How to fix “Element is not clickable” in Selenium WebDriver tests?

Element is not clickable” is a common error that Selenium test automation engineers often encounter. This might be applicable to other test automation frameworks, with different error messages. There are possible two causes:

  1. The element is not clickable, such as disabled or not allowed to click by nature (e.g. a hidden field)
    this is easy to find out by inspecting (via right-click in Chrome), the solution is to change/refine the locator.
  2. The element is not viewable in the browser (by the definition of Selenium)

This article will explain the second type. Below is a test failure of trying to click the exclamation icon.

The test failed (the above: webpage, the below test failure output)

Tip: run the test and keep the browser open so that you can inspect the web page, test scripts and test output all-together. Check out: Keep the Browser Open after Executing an Individual Test.

Analyse

The test step:

driver.find_element(:class, "fa-warning").click

The error output:

Failure/Error: driver.find_element(:class, "fa-warning").click
Selenium::WebDriver::Error::ElementClickInterceptedError:
element click intercepted: Element is not clickable at point (1201, 611)
(Session info: chrome=102.0.5005.115)

The reason:

Selenium is unable to click the exclamation icon, which is inside the viewable of the browser window. However, it is just, not enough for Selenium even though we (human beings) can see it. This is a rare case (clickable element on the edge of the window), a more common case is where the element is off-screen.

Initial solutions:

  1. Make the browser window bigger (not recommended).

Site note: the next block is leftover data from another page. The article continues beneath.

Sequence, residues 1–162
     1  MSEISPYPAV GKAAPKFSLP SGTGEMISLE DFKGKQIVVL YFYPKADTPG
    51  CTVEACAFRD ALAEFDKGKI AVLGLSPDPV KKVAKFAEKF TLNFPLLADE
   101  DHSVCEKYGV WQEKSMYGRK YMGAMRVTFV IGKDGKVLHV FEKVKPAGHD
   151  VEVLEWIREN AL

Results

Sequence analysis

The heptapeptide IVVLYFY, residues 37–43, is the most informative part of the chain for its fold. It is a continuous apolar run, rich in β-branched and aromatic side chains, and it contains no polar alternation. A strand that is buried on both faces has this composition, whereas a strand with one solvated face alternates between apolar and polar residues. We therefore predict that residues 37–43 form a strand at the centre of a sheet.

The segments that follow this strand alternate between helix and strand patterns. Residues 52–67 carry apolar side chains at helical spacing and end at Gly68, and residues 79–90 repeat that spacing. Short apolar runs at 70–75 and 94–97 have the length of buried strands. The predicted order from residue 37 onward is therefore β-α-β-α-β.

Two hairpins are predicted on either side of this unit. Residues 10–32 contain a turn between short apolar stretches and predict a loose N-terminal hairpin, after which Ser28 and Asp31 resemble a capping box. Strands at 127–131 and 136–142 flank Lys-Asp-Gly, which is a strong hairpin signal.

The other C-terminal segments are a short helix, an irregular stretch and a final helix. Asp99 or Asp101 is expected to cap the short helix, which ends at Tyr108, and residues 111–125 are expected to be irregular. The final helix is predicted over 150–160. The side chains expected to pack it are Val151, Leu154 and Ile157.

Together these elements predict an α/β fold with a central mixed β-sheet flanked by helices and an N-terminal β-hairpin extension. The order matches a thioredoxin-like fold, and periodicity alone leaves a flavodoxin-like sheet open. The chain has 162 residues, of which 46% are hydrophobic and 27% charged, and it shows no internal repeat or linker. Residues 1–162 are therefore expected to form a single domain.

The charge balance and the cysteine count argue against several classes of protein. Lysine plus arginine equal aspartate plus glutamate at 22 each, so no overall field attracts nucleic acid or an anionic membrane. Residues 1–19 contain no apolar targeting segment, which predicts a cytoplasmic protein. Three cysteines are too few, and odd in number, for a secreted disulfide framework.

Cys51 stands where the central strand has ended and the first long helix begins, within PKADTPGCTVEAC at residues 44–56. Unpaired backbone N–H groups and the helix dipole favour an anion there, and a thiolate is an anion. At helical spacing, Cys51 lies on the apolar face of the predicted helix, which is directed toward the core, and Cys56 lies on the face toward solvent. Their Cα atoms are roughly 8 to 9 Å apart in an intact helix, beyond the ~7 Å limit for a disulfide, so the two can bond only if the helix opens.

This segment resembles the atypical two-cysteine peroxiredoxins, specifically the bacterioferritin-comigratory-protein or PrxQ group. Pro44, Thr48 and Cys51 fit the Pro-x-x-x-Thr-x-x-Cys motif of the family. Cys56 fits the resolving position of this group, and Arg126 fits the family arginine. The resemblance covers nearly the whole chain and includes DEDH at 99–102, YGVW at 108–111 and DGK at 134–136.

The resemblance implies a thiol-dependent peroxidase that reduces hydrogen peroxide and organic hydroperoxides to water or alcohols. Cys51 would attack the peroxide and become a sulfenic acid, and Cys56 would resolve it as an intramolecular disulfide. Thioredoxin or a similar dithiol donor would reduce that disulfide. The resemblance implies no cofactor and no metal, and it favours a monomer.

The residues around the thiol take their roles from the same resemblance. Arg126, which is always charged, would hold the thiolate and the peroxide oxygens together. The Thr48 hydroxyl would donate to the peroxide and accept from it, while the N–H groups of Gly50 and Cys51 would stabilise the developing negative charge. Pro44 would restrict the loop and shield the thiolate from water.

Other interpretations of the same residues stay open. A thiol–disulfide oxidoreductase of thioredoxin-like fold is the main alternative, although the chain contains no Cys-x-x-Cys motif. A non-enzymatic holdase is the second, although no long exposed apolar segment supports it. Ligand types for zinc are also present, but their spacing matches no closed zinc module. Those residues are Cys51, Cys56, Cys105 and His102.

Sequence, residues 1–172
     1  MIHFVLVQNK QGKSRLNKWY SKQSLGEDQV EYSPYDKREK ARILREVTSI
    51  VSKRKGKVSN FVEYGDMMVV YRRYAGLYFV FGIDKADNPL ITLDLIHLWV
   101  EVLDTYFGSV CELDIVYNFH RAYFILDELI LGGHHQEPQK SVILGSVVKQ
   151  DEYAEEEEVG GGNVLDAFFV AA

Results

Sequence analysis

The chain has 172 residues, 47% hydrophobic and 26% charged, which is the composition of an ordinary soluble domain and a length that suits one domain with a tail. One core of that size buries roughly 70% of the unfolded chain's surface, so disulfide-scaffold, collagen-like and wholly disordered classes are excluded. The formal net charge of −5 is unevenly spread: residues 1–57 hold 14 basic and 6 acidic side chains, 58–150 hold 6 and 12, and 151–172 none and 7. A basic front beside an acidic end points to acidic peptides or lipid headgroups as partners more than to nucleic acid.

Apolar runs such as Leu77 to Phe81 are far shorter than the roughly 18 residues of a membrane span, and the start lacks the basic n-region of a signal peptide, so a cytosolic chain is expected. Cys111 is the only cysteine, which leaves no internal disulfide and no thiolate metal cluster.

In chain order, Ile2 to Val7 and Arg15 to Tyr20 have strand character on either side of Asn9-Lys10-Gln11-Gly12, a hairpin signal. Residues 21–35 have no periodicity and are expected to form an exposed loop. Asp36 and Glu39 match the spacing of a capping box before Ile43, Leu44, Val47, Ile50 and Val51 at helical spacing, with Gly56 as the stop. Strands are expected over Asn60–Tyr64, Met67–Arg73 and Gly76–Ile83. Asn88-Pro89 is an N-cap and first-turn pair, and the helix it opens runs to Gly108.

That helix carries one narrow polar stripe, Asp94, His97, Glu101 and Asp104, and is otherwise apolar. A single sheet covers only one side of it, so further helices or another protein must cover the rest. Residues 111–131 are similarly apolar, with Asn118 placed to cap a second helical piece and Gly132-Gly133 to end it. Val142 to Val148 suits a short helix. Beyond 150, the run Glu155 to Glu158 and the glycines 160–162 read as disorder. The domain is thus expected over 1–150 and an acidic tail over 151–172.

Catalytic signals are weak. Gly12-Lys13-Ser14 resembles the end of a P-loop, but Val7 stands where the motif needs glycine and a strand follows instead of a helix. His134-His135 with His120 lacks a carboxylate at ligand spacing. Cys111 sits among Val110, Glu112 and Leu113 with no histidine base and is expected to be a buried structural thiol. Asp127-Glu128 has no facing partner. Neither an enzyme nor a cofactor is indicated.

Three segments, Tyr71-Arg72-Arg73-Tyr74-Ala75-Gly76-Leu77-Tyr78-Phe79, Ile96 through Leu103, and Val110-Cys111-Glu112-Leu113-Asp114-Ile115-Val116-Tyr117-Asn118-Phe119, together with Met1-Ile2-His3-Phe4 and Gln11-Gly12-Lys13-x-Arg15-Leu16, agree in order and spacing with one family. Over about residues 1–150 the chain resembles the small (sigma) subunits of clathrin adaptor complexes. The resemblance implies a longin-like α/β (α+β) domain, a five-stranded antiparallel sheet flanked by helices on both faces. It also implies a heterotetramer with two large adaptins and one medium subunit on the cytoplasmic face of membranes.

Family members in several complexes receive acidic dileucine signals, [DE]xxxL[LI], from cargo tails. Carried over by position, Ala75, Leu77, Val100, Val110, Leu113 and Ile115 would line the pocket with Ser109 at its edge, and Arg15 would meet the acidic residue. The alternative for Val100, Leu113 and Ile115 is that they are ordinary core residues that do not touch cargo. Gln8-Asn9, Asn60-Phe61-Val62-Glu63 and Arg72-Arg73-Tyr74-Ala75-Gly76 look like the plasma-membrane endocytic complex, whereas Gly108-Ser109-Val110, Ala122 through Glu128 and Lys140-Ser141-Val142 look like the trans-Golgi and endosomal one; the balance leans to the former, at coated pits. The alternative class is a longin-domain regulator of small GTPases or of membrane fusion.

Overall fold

Depending on the page content and browser size, it might work in some cases.
  2. Scroll the webpage down further to make the element fully visible.
    My recommendation, see below.

Solution

There are several approaches to scrolling in Selenium.

  1. Scroll based on the element’s X,Y coordinate
elem = driver.find_element(:class, "fa-warning")
elem_pos = elem.location.y
driver.execute_script("window.scroll(0, #{elem_pos + 100})")
sleep 0.5 # add delay to allow JS execution
elem.click

The above test script works. The 100 is, obviously, is one of many possible scroll-down pixels.

The explanation:

  • Find the element
  • Get the Y position of the element in the browser
  • Invoke JavaScript to scroll down a further 100 pixels
  • Add a small delay to allow JS scrolling to complete
  • Click the element (now fully visible)

As you can see, this approach is flexible, i.e., you can fine-tune the scrolling.

2. Invoke JavaScript scrollIntoView .

elem = driver.find_element(:class, "fa-warning")
driver.execute_script("arguments[0].scrollIntoView(true);", elem);
sleep 0.5
elem.click

Tip: when you debug/refine a single test step, try to find a way to attach the test execution (of modified test steps) against the current browser. Then, you can be focused and repeatedly trying for that step, a big time-saver in test automation. For more, check out the article “Attach Selenium Python test steps against an existing browser” (the article uses Python tests as example, the same works for Ruby and JS too in TestWise IDE).

However, I vaguely remember that this way did not work on a few occasions. So, personally, I preferred Approach #1. You may choose the style you preferred. Test Automation is practical, i.e., if it works reliably, that’s fine.

Two common scrolling JS functions:

// to bottom
driver.execute_script("window.scrollTo(0, document.body.scrollHeight);")
// to top
driver.execute_script("window.scrollTo(0, 0);")

3. Scroll wheel actions (from Selenium v4.2)

Selenium v4.2 introduced Scroll wheel actions, which make scrolling easier, as a part of Advanced User Interactions. (please note that scrolling has always been possible, see the above).

elem = driver.find_element(:class, "fa-warning")
driver.action.scroll_by(100, 200).perform
elem.click

Astute readers might notice that sleep 0.5 is no longer there. Yes, because it is not done by JS this time. This method uses relative scrolling (i.e. the above snippet will go 100 pixels to the right and 200 pixels down from the current scroll position), not absolute like the previous two methods.

The new scrolling functions added in Selenium v4.2:

scroll_to(ELEM)
scroll_by(DELTA_X, DELTA_Y)
scroll_from(SCROLL_ORIGIN, DELTA_X, DELTA_Y)

For Selenium v4.2+, I recommend Approach #3.

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